Is this the most wonderful time of the year to seal a house deal?
With some prices reduced, agents say now might be a good time to put in a cheeky bid
You may need to root around, but a pre-Christmas bargain is possible. Photograph: Moodboard/Brand X/Getty
Is it possible to bag a bargain house pre-Christmas? There’s a lot of talk about price drops but a search online reveals little that is visibly discounted. To find a so-called steal you have to root around, just like you would in a department store’s January sale.
While some high-end homes have seen significant price reductions; number 27 Ailesbury Road, for example, has recently seen a cool €1 million, or 13 per cent, shaved off its asking price, bringing it down to €6.5 million. Most reductions though are more modest and in the order of just five to 10 per cent of the original asking price, says Ronan Crinion, managing director of Move Home, whose agency operates in the areas of Dublin 3 and Dublin 9. He bought his own home in December and says it’s a really good time to buy. “This business is cyclical and vendors want to make deals so that they can sit down to their Christmas dinner knowing the property is sale agreed.”
Make a cheeky offer is his advice. “Offers that would be laughed at other times of the year will be considered. The hungrier the agent or vendor is to make the sale the closer you will get to 10 per cent off.”
Is there a polite way to make such an offer? No, says Harriet Grant, head of City Residential with Savills. “It is up to the agent to present offers to the vendors. If we felt it was an offer worth considering we would give the vendor our recommendation.” She also says a low offer might insult the vendors to the point where they will choose another purchaser if there ends up being two or more parties involved.
While there are few January sale-style bonanza price slashes of 50 per cent, there is value to be had. By registering details with online bidding platforms you can express your interest formally even outside of office hours.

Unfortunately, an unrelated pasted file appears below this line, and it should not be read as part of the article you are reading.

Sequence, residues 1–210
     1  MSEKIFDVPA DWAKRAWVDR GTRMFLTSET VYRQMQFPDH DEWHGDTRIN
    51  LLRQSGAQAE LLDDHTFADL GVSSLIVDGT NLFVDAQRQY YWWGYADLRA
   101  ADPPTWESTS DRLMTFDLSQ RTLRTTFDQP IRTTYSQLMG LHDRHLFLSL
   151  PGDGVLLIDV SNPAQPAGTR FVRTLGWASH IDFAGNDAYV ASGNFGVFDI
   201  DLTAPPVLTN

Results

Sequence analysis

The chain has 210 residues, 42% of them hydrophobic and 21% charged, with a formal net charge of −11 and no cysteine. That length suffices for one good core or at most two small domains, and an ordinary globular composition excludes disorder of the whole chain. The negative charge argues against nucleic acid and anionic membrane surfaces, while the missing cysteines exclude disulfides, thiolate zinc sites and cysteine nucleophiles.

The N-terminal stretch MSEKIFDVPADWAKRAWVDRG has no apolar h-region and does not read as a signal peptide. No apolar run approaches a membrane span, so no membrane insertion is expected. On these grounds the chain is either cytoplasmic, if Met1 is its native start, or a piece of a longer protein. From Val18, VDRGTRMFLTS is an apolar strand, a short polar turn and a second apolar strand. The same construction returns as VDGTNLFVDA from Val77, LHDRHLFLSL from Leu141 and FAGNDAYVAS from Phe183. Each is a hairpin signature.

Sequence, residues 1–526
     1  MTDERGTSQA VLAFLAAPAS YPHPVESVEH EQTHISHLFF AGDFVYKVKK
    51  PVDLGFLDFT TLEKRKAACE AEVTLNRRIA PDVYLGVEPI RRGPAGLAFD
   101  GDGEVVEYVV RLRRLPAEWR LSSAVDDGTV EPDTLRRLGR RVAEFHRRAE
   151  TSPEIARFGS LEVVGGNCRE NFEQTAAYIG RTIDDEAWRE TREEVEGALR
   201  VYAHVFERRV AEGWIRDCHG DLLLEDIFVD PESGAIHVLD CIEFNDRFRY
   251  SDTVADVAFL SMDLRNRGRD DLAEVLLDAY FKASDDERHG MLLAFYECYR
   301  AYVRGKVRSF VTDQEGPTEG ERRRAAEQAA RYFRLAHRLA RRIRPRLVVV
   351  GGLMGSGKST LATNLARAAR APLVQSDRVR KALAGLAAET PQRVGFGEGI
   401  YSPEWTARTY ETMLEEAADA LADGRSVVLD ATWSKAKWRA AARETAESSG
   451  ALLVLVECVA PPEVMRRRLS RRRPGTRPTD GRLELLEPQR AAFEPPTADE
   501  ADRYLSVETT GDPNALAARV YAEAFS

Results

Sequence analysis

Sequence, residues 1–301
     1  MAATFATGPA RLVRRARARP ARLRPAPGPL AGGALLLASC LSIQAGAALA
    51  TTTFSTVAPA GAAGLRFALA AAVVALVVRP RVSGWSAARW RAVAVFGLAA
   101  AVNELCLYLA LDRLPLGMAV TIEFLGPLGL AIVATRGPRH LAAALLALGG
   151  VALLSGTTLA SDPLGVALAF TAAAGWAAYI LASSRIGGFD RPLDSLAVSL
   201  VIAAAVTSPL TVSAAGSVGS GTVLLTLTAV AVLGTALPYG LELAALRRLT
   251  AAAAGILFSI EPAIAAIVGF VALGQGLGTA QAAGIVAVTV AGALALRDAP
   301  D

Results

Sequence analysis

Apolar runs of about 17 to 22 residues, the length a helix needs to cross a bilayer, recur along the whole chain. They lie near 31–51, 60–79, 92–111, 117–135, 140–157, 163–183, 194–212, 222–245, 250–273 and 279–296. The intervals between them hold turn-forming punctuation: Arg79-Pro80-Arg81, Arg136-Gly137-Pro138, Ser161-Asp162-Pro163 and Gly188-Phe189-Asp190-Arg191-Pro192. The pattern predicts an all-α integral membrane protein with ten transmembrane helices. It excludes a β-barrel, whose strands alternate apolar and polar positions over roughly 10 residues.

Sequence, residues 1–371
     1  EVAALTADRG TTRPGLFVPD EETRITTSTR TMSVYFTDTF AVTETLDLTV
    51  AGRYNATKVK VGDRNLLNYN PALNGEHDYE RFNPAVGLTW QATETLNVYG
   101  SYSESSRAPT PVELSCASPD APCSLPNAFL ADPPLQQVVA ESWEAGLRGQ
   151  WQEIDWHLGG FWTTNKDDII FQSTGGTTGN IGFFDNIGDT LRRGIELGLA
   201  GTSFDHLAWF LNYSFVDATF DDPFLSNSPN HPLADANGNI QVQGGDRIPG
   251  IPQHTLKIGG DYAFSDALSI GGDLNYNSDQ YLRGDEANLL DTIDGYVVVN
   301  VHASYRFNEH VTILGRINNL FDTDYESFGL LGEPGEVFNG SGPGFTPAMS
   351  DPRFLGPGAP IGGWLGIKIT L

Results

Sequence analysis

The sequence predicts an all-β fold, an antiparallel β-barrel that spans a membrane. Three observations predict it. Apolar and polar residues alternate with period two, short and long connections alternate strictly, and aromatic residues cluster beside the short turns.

In the south Dublin village of Dalkey, number 4 Ulverton Close, off Ulverton Road, a four-bed detached house of 200sq m close to Castle Park School, is down 10 per cent from €1.045million to €945,000, through agent Sherry FitzGerald.
In Dublin’s Rathfarnham, where vendors have competition from brand-new, walk-in condition, A-rated homes, 67 Marley Court, Rathfarnham, near Nutgrove Shopping Centre, is a four-bed mock-Georgian 1980s-built semi that has been reduced six per cent from €575,000 to €540,000.
Parts of Dublin 6W have been similarly affected by competition from the new-homes sector. Number 59 Cypress Grove Road, a fine four-bed semi of 164sq m within walking distance of a slew of schools but with an F Ber rating, has seen a 25 per cent increase in viewings since its price dropped 7.7 per cent from €650,000, when it launched last August, to €599,950 at the end of November, says David Swaine of Property Partners O’Brien Swaine.
Homes in need of modernisation are struggling, in part due to the fact that builders’ tenders have risen by 15 per cent in the last 12 months. If you had to sell the property for the price you paid for it plus these costs, would you get your money back? Surveyor Patrick Kelleher advises asking before calculating what such a home will cost to renovate and make energy efficient.
Take number 34 Maretimo Gardens in Blackrock, Co Dublin. The three-bed terraced house of 101sq m is in need of complete modernisation. Situated a minute’s walk from the village, houses on the other side of this quiet cul de sac have some of the best sea views in the city. Number 34 doesn’t have sea views but has a west-facing back garden and shares access to the private lane that leads down to a rail path for sea views and a scenic stroll to Blackrock Dart station five minutes away. When it came to market last May it was seeking €775,000 through agent Haines. This price was reduced last week to €725,000, a drop of 6.5 per cent.
Prices in Dublin 3 have been quite bullish in the last 12 months with much of the stock coming to market in need of upgrading. Number 6 Hyacinth Street, an oddly configured end-of-terrace cottage, 85sq m in size, is one such property. Situated on a quiet little cul de sac off Ossory Road in North Strand, and boasting a converted attic, it has been reduced 6.78 per cent from €295,000 last September to €275,000 through agent Move Home. Across the tracks in East Wall, also D3, 96 St Mary’s Road is a two-bed mid-terrace house of 55sq m with a south-facing rear garden, that has been reduced 5.8 per cent from €340,000 to €320,000.
While consumer confidence and concerns over Brexit held the autumn market back, says Alistair Hickey, managing partner at Felicity Fox, it is doer-uppers in Dublin 8 that are selling the best. Hickey agrees buyers are paying a premium for such properties, but they have factored that in their costs. “They’re taking into account that they’re going to be living there for the next 10 years.”
Gary Jacobs of Allen & Jacobs, with offices in Blackrock and Dublin 8’s Clanbrassil Street, says prices have fallen and the same prices are not being achieved now that were last spring. But he isn’t advising vendors to drop prices – at least not yet. “There are so many buyers not in the market, now is not the time to make a call on reducing prices.”
He’d rather wait and suggests holding off until the first two to three weeks of January to see if the market will pick up.